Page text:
Advanced English II Summer Reading 2012-2013
The summer reading assignment for Advanced English II will be Speak by Laurie Halse
Anderson. You are responsible for purchasing the book. On the first day of class you will
be given an essay test over the reading material. If you have not read the book by the
scheduled registration day in August, you need to tell the counselor to take you out of
Advanced English II. I have included a study guide that will help you organize your
thoughts and take notes in order to pass the test. You will also need to know the meaning
of vocabulary words for each section. Make sure you take good notes.
As you read the book, make sure you highlight themes or topics that may be important
for you to develop essay answers. This includes identifying similes, metaphors, allusions,
personification, alliteration and symbolism. I have given you questions for each section
that will assist you in studying for the test. I have also included examples of test
questions. You will be expected to give specific examples on the test to support your
answers. Each answer should be developed and well thought out. I would expect
approximately a page for each question divided into paragraphs with at least five
sentences in each paragraph. The test will be given on the first day of class to ensure that
you have read the book. If you fail the test, you will be removed from the class. If you
have NOT read the book, change your schedule prior to the first day of class so that your
classes are not totally rearranged.
by Laurie Halse Anderson
Notes about the author – Laurie Halse Anderson is a unique individual who milked
cows to raise money for college. She decided to become a writer in the second grade
when she learned to write haiku. She began writing “for real” in her late teens. She says
she wrote in a closet, then moved to the basement and sold some stories in her twenties.
When she is really feeling inspired, she writes for as long as 10 hours a day. She writes
for all age levels and says she has lots of “voices” in her head. These “voices” have
become characters in award winning books including Speak, Catalyst, and Fever, 1793.
WARNING! This book deals with a confrontational issue. It also deals
with every day life as a high school student. You will meet Melinda Sardino, a ninth
grader who shares her life with two detached parents, many equally dysfunctional friends,
and a deep, dark secret that almost renders her completely speechless.
What I hope you will see is that even though most of you will never (I hope) have to deal
with Melinda’s problem, you will deal with many similar conflicts, emotions, and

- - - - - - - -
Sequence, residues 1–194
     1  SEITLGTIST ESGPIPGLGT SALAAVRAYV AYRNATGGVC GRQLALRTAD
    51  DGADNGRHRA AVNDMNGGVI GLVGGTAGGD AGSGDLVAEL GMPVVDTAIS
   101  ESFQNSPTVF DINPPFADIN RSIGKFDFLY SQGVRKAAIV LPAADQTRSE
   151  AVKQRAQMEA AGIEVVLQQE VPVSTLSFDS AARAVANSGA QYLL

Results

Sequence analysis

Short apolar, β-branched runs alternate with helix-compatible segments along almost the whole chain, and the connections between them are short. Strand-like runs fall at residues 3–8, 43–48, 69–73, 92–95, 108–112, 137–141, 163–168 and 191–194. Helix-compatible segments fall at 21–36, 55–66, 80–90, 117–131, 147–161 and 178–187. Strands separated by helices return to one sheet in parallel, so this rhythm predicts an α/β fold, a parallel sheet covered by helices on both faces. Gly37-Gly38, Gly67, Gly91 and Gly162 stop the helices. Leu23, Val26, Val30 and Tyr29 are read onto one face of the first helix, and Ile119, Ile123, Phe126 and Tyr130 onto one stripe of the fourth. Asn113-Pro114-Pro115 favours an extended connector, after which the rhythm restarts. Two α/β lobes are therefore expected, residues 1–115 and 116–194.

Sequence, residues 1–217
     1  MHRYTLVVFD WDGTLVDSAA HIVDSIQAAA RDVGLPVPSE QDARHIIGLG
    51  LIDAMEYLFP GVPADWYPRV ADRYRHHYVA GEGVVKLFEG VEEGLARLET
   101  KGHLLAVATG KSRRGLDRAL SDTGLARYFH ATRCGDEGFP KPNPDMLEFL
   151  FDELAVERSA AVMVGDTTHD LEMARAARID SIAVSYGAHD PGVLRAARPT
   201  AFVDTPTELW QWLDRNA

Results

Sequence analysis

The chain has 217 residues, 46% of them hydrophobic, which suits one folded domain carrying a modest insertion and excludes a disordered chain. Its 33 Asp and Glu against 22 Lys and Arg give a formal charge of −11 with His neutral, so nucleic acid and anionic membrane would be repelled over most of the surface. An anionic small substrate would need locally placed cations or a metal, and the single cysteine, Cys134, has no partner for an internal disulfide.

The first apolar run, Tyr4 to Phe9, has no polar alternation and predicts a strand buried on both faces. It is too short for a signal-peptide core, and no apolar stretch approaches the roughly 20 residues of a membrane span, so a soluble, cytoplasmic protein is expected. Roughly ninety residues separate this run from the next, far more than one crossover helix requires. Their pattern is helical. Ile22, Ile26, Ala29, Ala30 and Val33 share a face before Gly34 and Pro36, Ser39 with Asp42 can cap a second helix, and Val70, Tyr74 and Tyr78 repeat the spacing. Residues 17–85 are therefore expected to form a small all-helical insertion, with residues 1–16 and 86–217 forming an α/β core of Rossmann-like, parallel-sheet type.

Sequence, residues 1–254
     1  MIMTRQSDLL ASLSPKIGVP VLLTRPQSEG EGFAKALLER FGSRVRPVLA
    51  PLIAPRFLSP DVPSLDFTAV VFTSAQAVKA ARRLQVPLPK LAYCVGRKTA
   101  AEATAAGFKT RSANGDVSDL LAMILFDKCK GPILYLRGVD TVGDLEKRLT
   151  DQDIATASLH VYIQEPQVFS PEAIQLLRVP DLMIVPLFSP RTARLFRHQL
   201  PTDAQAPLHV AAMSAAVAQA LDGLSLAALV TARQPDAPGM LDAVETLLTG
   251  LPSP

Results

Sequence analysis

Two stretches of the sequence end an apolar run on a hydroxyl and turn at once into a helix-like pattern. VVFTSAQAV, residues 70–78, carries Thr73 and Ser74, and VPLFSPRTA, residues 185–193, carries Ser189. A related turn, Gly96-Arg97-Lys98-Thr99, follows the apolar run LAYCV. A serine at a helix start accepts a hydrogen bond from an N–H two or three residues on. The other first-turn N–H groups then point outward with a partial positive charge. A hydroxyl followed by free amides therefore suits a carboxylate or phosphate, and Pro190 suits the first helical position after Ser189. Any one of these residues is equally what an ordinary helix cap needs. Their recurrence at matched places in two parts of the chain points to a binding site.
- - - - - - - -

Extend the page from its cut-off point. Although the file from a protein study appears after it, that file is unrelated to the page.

relationships throughout your high school “life.” That is the whole point of good
literature – it draws us in to the human circle of life. We are all basically the same…
Melinda Sardino – main character (protagonist); 9th grader; withdrawn after a traumatic
event which shatters her self-confidence and ruins her reputation with “friends”; she
thinks she’s ugly and fat and completely undesirable; hangs out in the janitor’s closet to
skip class and avoid people.
Rachel – Melinda’s ex-best friend; changes her name to Rachelle to sound more
Mr. Neck – social studies teacher; doesn’t like Melinda from day one
Hairwoman – English teacher; very weird
Mr. Freeman – art teacher who pretty much saves Melinda’s life by showing her how to
release frustrations through artistic creation.
Heather from Ohio – new student who befriends Melinda; very talkative and bubbly;
eventually joins troops with Melinda’s old gang of friends (The Marthas) so that she can
be popular and leaves Melinda behind.
Mom – manages a small clothing store; always tries to dress Melinda in clothes from her
store; doesn’t have time for Melinda or managing the household.
Dad – loves Melinda, but doesn’t communicate very well
David Petrakis – Melinda’s lab partner and would-be friend if she would let him in; he
defends her in social studies class when she refuses to give a speech.
Andy Evans – senior jock; popular with the ladies; the perpetrator, predator, evil one,
whatever you want to call him….
Pages 3-24 “Welcome to Merryweather High” through “Heathering”
1. inconspicuous, 7
2. voila, 11
3. wan, 20
4. pseudo, 22
1. How does Melinda feel the first day of high school? Why do her fears seem more
intense than that of others? Analyze why she says, “I am Outcast.”
2. Examine the meanings of “clans” and the prevalence of high school cliques.
3. Identify Melinda’s former clan and explain what has happened to it.
4. Discuss the “first ten lies they tell you in high school.” Compare with the first-
day orientation in at NBHS. Is this true?
5. Who is Melinda’s ex-best friend? How does she treat Melinda? How would you
feel and what would you do in a similar situation?
6. Identify Melinda’s teachers and her characterization of them. What does this
7. Who is Heather? Identify her “plan” and explain Melinda’s reaction.
8. How does Mr. Freeman assign art projects for the year? What is Melinda’s?
How does she feel about it?
9. Describe Melinda’s home life.
Pages 24-46 “Burrow” through “Nightmare”
1. vague(ly), 27
2. simultaneous(ly), 30
3. mayhem, 30
4. blathers, 33
5. interim, 35
6. degrade(ing), 41
7. irony, 43
8. batter(ed) 43
1. Discuss Melinda’s “place of refuge” and how she describes it.
2. What happens to Melinda when she attends the pep rally? Why do you think she
doesn’t report the harassment to the school officials? Identify a time you or
someone you know had a similar experience.
3. What does Melinda reveal about the preceding summer?
4. Explain the paradox of the cheerleaders as Melinda views them.
5. What does Melinda paint the week after the pep rally? Why is this significant?
6. What happens when Melinda visits Heather on Columbus Day? What do you
think this reveals about Heather?
7. Contrast the homes and families of Heather and Melinda.
8. How do Melinda’s parents react about her grades? How would your parents react
in a similar situation?
9. Trace the significant events in Melinda’s life following the confrontation with her
10. Who are the Martha’s? Why are they important to the story? Are you or anyone
you know a “Martha?” Explain your answer.
11. What will happen between David Petrakis and the social studies teacher?